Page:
Court yet to rule on multi-million qigong charlatan case

By Zhang Yiwei Source:Global Times Published: 2013-7-31 0:08:01

A court in Jiangxi Province held the second trial in a 30 million yuan ($4.8 million) dispute between the self-proclaimed qigong master Wang Lin and his former apprentice on Tuesday Morning.

Zou Yong, a businessman and once Wang's apprentice, appealed to the Higher People's Court in Jiangxi Province after an intermediate court ruled that he must pay back the 30 million yuan he was loaned by Wang.

Zou told the Global Times in a phone interview on Tuesday that he borrowed money from Wang but had already paid some of it back through his "tuition."

Zou had allegedly paid Wang over 5 million yuan and bought Wang a Rolls Royce as "tuition" to learn qigong.

"I used to truly believe in Wang's tricks, but I later found that he has moral issues," Zou said. "Now I realize that all of his self-professed power is fake and I feel ashamed that I was once his apprentice."

Wang considered the money a gift and insisted that Zou pay him back.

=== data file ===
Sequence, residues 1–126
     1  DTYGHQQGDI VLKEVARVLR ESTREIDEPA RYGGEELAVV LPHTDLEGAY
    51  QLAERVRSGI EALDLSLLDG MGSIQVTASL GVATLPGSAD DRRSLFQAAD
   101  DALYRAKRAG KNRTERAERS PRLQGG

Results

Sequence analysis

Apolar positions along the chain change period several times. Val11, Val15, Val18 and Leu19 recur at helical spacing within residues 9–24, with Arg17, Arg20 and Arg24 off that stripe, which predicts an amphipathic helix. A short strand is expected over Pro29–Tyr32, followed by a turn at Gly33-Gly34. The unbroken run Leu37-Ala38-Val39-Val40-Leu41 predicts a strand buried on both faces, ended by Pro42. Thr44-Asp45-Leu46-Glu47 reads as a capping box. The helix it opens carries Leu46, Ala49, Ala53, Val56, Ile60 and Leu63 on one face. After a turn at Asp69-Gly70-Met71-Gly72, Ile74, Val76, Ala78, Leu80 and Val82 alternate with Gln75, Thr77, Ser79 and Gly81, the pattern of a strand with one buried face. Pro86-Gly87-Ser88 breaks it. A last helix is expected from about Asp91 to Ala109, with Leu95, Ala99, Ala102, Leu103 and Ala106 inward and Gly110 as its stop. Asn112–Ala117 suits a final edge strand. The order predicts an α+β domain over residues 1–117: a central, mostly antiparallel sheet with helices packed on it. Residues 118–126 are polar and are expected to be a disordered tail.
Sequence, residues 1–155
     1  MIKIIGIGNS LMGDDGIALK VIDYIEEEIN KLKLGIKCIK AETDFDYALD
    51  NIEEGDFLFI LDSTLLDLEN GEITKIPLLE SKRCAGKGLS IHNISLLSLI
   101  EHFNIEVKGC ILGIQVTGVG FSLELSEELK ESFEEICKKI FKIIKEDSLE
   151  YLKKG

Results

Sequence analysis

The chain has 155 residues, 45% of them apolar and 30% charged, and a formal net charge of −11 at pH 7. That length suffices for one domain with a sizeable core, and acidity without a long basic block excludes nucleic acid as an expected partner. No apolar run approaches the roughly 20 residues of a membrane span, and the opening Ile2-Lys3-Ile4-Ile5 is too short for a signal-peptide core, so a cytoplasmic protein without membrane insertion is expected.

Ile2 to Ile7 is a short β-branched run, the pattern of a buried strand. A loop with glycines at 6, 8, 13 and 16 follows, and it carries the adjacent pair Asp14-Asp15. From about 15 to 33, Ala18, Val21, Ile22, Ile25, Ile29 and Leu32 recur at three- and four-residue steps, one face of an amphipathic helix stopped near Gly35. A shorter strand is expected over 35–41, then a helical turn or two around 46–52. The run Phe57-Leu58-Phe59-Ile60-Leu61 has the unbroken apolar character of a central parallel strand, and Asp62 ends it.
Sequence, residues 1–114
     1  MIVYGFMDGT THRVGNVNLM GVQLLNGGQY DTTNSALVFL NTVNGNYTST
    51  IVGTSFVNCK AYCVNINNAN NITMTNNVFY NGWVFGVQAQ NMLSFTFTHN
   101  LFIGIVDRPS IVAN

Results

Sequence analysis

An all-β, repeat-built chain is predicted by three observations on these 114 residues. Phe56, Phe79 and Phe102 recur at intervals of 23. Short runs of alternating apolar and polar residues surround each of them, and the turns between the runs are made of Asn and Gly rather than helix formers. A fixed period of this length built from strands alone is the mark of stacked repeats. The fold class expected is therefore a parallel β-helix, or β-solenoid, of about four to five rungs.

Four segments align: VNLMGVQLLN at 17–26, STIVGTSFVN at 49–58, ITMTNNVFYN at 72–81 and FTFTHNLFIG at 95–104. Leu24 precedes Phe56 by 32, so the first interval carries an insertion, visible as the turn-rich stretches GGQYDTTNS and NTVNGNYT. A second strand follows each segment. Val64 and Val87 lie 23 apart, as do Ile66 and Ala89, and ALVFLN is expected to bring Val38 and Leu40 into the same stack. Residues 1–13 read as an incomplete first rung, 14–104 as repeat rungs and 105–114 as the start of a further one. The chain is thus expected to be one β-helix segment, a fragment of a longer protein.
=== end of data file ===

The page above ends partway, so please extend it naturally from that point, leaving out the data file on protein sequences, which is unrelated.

A staff member from the court told the Global Times on Tuesday that the hearing lasted for about an hour and only the attorneys appeared at court, adding that the verdict has yet to be announced.

Recent media reports exposed Wang as a charlatan. He claimed that he has supernatural powers and one of his most famous tricks is to conjure snakes from an empty basin. He explained that the snakes were freshly caught in the field by his spirit, which could leave his body and travel thousands of miles in the blink of an eye.

The Beijing News reported on Monday that Wang claimed he had treated 50,000 patients, but health authorities from Luxi county, Jiangxi Province, where Wang lived, said he didn't have a license for practicing medicine.

Wang was also said to have participated in loan sharking and introduced rich business people who craved "a little help" to powerful government officials, for a price. 

Wang is said to have fled the Chinese mainland to Hong Kong on Friday, according to The Beijing News. He posted his evidence, including Zou's receipt of the loan, on a newly-opened Tencent Weibo account on Tuesday.

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